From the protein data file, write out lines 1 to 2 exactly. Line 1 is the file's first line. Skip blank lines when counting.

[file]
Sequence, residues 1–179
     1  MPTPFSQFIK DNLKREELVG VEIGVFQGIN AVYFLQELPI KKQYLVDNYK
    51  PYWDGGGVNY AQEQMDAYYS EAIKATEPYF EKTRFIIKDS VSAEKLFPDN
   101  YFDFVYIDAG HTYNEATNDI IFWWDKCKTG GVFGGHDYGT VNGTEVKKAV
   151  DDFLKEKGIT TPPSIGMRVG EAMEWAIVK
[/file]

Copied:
Sequence, residues 1–179
     1  MPTPFSQFIK DNLKREELVG VEIGVFQGIN AVYFLQELPI KKQYLVDNYK